Political news

Theresa May talks with Arlene Foster and Martin McGuinness in bid to save Stormont deal

Theresa May has spoken to Arlene Foster and Martin McGuinness
Deborah McAleese, Ed Carty and Andrew Woodcock, Press Association

Theresa May phoned Arlene Foster and Sinn Féin's Martin McGuinness early on Monday in a last-ditch effort to prevent the collapse of the devolved administration.

The British Prime Minister's official spokeswoman said Mrs May wanted to make sure Northern Ireland has "a voice" in the run-up to the start of EU withdrawal talks - expected to be triggered by the end of March with the invocation of Article 50 of the European Union treaties.

If Sinn Féin refuses to nominate a deputy first minister to replace Mr McGuinness by 5pm today, the institutions will fall and Secretary of State James Brokenshire will be legally obliged to call a snap election.

At the start of Assembly business at Stormont this afternoon, Sinn Féin's Michelle O'Neill, acting as the party's nominating officer, declined to replace Mr McGuinness.

The former Deputy First Minister dramatically resigned his post last week amid the row over a botched green energy scheme.

Mrs May's spokeswoman told a regular Westminster media briefing: "She spoke to both Arlene Foster and Martin McGuinness to encourage them to use what time was left today to try to find a resolution to the situation in Northern Ireland, outlining the importance of finding a way forward - particularly in the context of wanting to make sure that Northern Ireland has a voice in the UK's exit from the European Union as we approach the critical period before triggering Article 50."

The spokeswoman said the British government hoped to continue with planned meetings of the Joint Ministerial Committee - which brings together ministers and officials from the government and the devolved administrations - to discuss Brexit, even if Stormont is plunged into elections.

The next scheduled meeting of a JMC sub-committee is due to take place on Thursday.

The PM's spokeswoman said political stability would give Northern Ireland "a greater opportunity to have its voice heard" in the Brexit debate.

"We want to do all we can to make sure that the political stability in Northern Ireland, which was hard-earned, is not thrown away," she added.

A senior Stormont civil servant has warned a long period without government in Northern Ireland will leave the region facing serious financial difficulties.

An election is not expected to solve a bitter dispute at the heart of powersharing between Sinn Féin and the DUP and if those parties again emerge as the two largest in the wake of the poll, an immediate return to power-sharing is unlikely.

A major talks process would likely be required, raising the spectre of devolution being suspended and direct rule from Westminster being reintroduced.

The Stormont meltdown has torpedoed the process of agreeing a budget for the next financial year. Without a budget or ministers, civil servants would take control of the purse strings, but would be limited on the money they can spend.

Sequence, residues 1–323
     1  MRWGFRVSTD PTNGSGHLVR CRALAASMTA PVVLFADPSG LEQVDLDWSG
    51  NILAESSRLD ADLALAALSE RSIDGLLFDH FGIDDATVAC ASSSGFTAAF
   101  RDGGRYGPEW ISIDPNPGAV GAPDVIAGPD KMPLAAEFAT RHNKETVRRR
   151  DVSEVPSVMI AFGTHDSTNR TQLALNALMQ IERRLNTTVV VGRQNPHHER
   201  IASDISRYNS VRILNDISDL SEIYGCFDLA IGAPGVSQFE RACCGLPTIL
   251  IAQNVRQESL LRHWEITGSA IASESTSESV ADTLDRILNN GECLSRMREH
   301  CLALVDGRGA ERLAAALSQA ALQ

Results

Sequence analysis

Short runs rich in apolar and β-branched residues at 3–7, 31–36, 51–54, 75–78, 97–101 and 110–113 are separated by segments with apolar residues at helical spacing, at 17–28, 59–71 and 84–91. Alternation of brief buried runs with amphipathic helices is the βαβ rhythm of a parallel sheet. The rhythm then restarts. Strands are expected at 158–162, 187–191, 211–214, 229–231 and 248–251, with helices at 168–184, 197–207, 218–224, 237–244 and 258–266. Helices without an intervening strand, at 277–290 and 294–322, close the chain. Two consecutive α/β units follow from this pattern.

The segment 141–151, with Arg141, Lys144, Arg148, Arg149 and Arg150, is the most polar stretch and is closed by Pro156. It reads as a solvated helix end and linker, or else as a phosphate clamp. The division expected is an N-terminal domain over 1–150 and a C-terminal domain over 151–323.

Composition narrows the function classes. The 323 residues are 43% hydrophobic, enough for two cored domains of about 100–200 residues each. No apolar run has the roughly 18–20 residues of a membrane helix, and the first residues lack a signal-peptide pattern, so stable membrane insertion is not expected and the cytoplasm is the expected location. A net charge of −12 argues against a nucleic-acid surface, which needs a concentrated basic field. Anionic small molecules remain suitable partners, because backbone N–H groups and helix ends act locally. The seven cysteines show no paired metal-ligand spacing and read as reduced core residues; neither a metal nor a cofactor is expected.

Giving evidence to the Assembly's Finance Committee, Department of Finance permanent secretary David Sterling said: "A long period without a government would be difficult for us to manage.

"Our objective as civil servants would be to ensure minimal disruption...but I wouldn't want to downplay the difficulties. It will be difficult. I am hopeful it will be as short as possible an interruption to government."

Mr McGuinness's move was precipitated by the renewable heat incentive (RHI) scandal - a botched eco-scheme set to cost Stormont £490 million - but the row has also reignited a range of other disputes dividing the DUP/Sinn Fein-led coalition.

The reappointment process is one of a number of elements of the political crisis due to be raised in the Assembly chamber on Monday.

Emergency proposals aimed at reducing the RHI overspend will be tabled by DUP Economy Minister Simon Hamilton while Sinn Féin will also table a motion of no confidence in DUP Speaker Robin Newton.

Mr Newton has been under political pressure over his handling of a recalled Assembly session to debate RHI before Christmas.

He has also been forced to defend himself against conflict of interest accusations in regard to his handling of Assembly exchanges on a controversial charity in his east Belfast constituency.

The devolution meltdown has cast a shadow of uncertainty over a series of big ticket Stormont Executive plans.

One of those is a payment scheme for households losing out under the British government's so-called "bedroom tax" and, also on Monday, DUP Communities minister Paul Givan will bypass the Executive to ask for direct Assembly approval for the support measure.

Mr McGuinness's resignation automatically removed DUP leader Arlene Foster from her position as first minister - as executive structures dictate one cannot govern without the other.

On Sunday, Mr Brokenshire said no alternatives to power-sharing were being contemplated, which could include direct rule or joint authority between London and Dublin.

Sinn Féin has accused the DUP of "arrogance and disrespect" in office and insisted republicans will only enter another executive if its long-term coalition partners give way on a series of "equality issues", such as the Irish language and gay rights.

The DUP, for its part, has made clear it will not deliver a "republican agenda" and said the very structures of mandatory coalition powersharing need to be reviewed before another executive is formed.

Ahead of the key Assembly session, Mrs Foster said the electorate did not want or need an election.

She accused Sinn Fein of forcing an election.

"They have forced an election that risks Northern Ireland's future and stability and which suits nobody but themselves," she said.

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